“The fact that close to 90 percent of truckers in this country are vaccinated means that the Conservatives unfortunately are again engaged in a campaign of disinformation,” the prime minister told reporters Wednesday.
Conservative politicians argue that the mandate is irritating Canada’s supply chain, already under pandemic strain. Federal Conservative Leader Erin O’Toole wants an immediate exemption for border-crossing truckers, calling the policy “an attack on common sense.”
Health Minister Jean-Yves Duclos had his own common sense message on the eve of the rally, saying the enemy is not vaccination — it’s Covid-19.
“And the best tool to fight this enemy is to be vaccinated,” he said.
MAUS-TRAP — Our scribbler-in-chief Matt Wuerker has some thoughts on the latest news regarding the banning of “Maus” in a Tennessee school district. He also gives us the latest in political cartoons and satire in a new Weekend Wrap, including debates on vaccine mandates and masking in schools, the tensions over Ukraine, and the SCOTUS vacancy.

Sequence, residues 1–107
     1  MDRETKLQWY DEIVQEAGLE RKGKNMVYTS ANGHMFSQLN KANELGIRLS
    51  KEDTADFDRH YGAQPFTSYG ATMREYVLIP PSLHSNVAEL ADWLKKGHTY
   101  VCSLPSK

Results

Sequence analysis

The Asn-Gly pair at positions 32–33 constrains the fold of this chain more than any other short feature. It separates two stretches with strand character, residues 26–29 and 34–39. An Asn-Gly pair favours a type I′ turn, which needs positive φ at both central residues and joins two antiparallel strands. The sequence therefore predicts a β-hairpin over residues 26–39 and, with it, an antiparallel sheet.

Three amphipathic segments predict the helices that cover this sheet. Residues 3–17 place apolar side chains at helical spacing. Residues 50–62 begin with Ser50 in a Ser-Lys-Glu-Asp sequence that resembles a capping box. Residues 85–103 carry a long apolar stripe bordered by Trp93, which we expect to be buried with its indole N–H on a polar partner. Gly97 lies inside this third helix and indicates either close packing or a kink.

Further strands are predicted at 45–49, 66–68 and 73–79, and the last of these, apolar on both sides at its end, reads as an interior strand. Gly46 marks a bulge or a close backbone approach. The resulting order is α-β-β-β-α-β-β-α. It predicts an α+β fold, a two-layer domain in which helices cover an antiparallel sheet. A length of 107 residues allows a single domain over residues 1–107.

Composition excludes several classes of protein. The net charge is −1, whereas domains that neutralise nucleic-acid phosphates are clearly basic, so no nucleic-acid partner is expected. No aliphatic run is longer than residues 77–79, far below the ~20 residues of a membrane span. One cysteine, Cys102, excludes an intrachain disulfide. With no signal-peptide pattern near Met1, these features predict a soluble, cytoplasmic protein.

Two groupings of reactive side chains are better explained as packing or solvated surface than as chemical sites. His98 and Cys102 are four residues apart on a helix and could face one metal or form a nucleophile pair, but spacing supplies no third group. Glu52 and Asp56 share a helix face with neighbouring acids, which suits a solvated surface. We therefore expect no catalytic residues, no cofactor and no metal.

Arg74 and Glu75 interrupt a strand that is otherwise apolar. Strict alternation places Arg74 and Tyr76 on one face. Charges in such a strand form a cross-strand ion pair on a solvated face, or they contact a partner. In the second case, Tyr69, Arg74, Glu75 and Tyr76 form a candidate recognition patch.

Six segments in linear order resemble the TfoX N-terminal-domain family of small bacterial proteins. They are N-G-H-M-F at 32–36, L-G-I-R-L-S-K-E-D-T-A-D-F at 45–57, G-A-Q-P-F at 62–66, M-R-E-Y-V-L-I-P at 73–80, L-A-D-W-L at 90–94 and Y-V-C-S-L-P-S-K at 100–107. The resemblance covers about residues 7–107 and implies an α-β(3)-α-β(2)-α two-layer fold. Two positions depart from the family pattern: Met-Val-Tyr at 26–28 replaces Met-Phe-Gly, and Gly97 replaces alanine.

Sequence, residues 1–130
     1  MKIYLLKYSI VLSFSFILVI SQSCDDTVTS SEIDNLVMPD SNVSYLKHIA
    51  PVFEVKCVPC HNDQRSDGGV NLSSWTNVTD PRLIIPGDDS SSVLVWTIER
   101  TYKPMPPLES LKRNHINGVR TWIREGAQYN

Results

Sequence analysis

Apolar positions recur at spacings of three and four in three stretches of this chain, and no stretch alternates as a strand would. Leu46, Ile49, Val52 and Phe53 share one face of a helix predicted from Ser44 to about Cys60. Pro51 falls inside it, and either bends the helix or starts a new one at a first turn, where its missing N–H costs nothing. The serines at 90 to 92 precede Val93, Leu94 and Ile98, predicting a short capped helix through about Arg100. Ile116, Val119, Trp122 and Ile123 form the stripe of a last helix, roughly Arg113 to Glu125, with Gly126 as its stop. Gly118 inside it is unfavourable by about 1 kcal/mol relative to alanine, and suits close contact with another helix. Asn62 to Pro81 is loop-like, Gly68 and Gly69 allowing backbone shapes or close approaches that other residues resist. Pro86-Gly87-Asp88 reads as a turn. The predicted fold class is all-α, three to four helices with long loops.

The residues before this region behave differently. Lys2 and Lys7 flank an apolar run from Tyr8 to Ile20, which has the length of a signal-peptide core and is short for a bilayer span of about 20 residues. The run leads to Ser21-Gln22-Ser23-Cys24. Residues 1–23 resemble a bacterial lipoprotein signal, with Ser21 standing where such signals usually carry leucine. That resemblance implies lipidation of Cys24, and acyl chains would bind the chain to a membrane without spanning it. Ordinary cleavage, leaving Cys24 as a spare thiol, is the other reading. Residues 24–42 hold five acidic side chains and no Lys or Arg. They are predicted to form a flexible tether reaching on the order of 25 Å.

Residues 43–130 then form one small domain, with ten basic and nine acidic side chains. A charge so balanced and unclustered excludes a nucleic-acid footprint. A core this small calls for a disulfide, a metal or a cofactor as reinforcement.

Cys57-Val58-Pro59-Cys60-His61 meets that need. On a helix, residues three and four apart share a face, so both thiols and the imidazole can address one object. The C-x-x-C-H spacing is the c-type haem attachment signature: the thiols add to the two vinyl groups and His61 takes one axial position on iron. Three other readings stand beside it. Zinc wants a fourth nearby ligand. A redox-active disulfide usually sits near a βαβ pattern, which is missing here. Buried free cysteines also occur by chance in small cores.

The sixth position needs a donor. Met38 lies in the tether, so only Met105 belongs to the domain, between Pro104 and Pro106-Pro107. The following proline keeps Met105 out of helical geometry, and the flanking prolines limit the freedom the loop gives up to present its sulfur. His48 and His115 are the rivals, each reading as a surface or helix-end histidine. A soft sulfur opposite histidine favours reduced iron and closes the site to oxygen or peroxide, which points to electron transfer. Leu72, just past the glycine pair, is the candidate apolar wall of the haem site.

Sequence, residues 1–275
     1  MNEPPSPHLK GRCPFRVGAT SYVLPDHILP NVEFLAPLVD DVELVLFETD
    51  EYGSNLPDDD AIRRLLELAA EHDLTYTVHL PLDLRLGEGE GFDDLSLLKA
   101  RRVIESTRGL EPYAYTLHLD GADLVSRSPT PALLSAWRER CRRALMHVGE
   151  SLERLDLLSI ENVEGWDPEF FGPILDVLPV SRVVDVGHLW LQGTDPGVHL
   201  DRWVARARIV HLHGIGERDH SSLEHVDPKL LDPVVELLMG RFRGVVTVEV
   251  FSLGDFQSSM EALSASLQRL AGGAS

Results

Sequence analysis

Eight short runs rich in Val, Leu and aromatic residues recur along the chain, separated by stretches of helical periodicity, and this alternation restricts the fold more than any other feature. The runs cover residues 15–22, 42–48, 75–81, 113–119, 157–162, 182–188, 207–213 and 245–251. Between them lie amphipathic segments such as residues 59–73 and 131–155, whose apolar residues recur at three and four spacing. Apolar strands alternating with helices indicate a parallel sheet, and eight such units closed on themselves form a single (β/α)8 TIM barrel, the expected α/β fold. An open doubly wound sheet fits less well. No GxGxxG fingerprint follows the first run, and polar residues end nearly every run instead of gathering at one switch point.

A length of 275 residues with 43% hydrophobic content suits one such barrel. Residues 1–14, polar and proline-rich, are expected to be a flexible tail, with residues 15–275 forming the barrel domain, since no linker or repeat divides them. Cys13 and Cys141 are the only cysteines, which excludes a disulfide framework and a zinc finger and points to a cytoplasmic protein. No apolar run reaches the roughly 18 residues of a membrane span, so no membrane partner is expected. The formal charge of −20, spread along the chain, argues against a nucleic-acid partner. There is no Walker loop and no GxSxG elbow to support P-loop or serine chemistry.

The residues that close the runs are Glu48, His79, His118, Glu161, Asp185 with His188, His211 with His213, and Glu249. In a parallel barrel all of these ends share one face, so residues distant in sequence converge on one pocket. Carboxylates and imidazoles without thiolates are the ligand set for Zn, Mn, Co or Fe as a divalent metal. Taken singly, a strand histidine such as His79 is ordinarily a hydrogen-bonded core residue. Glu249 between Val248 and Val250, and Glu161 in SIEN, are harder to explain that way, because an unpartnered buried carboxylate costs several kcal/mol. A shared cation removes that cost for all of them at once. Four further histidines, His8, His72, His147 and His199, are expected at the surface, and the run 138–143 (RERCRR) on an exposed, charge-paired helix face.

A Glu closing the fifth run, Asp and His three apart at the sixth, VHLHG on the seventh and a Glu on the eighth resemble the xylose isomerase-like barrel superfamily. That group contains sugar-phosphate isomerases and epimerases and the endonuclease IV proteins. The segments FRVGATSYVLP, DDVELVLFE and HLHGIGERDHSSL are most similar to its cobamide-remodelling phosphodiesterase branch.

AVOID DOLPHINS AND SEAHAWKS ON THE SEA — The Navy’s public image has been taking on water. And some of its most notable advocates have thrown a Hail Mary in the hope of bailing it out, Bryan Bender writes.
The recent rumor that the Washington Football team might be called “The Admirals” came as a pleasant surprise to the small flotilla of retired officers who have not so quietly been pushing the rebranding.
“The Navy hasn’t had the best couple of years in terms of some of the publicity,” said retired Adm. James Stavridis, who has steered an online campaign since July 2020 to rename the franchise the “Fighting Admirals.”
“It needs a little punch,” the prolific former NATO commander, commentator and naval historian added in an interview. “This could be a turning point for the Navy.” The team is expected to make a public announcement Wednesday.